This week's survey asks what places you’ve visited to do genealogical research. Take the survey now!

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    Spotlight:Statewide Resources: Cleveland, Ohio
    by Valerie Beaudrault

    The city of Cleveland is located in northeastern Ohio on the shores of Lake Erie. It is the county seat of Cuyahoga County.

    Woodland Cemetery Foundation, Cleveland, Ohio

    Woodland Cemetery was dedicated in 1853. Its name, which was selected by the Cleveland city council, is said to represent “not only the trees but also a romantic description of an unseen Cleveland, part of a popular 1803 pastoral poem, ‘Pleasures of Hope,’ by Scottish poet, Thomas Campbell.” The first burial took place in June of that year.

    Among the well-known individuals buried in Woodlawn Cemetery are two Ohio governors, John Brough and Reuben Wood; a number of Cleveland mayors; and Civil War Brigadier General Gershom Barber. To learn more about these individuals and others buried in the cemetery, click on the History link in the menu bar to open a drop down list, and then select Who’s Who. Click on a name link to open a page with biographical information. There is also a collection of historical photographs of the cemetery that can be accessed via the History link.
    The Woodland Cemetery Foundation maintains a database of all burial records through July 2001. Click on the Burial Info link in the menu bar to access the database. Select the Search Database link to open the search page. The database can be searched by name or by burial date. To search the database by name, click on the Search by Name link. Enter at least the full or partial last name into the search box. Entering a first name or first initial is optional. The data fields in the results returned are last name, first name, burial date, section, lot, tier, and grave numbers, and details. Click on the Details link to open a detailed record on the deceased. Information provided in the detailed record includes record number, interment number, last name, first name, middle name, address, death date, burial date, age, race, sex, native of, cause of death, grave location information, grave direction, remarks, additional notes, undertaker, and occupation. To conduct a search by burial date, click on the Search by Burial Date link, which will open a new search page. Select month, day and year from the dropdown list and click submit to run your search. Under the Burial Info link you will also find a link to cemetery maps. These include an Overview map and section maps.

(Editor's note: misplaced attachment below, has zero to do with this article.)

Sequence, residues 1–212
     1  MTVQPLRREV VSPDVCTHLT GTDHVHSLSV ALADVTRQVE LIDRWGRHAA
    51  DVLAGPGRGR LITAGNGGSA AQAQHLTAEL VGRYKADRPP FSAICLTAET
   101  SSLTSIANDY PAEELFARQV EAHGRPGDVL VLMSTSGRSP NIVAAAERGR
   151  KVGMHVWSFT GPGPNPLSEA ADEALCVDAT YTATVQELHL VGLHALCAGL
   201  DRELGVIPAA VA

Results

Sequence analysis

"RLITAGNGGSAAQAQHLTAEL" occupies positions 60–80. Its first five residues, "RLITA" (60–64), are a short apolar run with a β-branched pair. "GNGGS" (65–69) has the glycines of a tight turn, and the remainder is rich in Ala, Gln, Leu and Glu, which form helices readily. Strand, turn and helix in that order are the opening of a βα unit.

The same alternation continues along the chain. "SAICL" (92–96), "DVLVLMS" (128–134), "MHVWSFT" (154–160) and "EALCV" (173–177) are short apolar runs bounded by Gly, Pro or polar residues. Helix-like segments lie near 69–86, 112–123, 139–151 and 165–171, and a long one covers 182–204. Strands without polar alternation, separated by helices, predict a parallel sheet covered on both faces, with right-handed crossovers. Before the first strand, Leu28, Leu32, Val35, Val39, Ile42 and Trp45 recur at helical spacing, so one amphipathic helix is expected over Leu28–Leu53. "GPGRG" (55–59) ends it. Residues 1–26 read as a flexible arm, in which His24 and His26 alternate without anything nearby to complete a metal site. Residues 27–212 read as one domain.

You may request cemetery records via snail mail; the address and the information to be included in your record request is on the website. In addition, if you would like a digital photograph of a headstone, the Foundation will try to accommodate your request.

    Lake View Cemetery

    Lake View Cemetery was founded in 1869. More than 105,000 people are buried there. According to the website, the cemetery was modeled after the garden cemeteries of Victorian England and France.

    Click on the Search Records link above the text to open the search page. The records may be searched by first name and last name. The search results returned comprise the following: full name, date of death and burial plot location. In some cases an individual’s title (Mrs. or Dr., etc.) is included with the name. There is also an Obituaries link. This database may also be searched by first name and last name. With both of the searches, you can click on the ‘more information / condolences’ link to open a new page with the obituary, and additional information such as memories, pictures and life stories, if it has been uploaded to the site.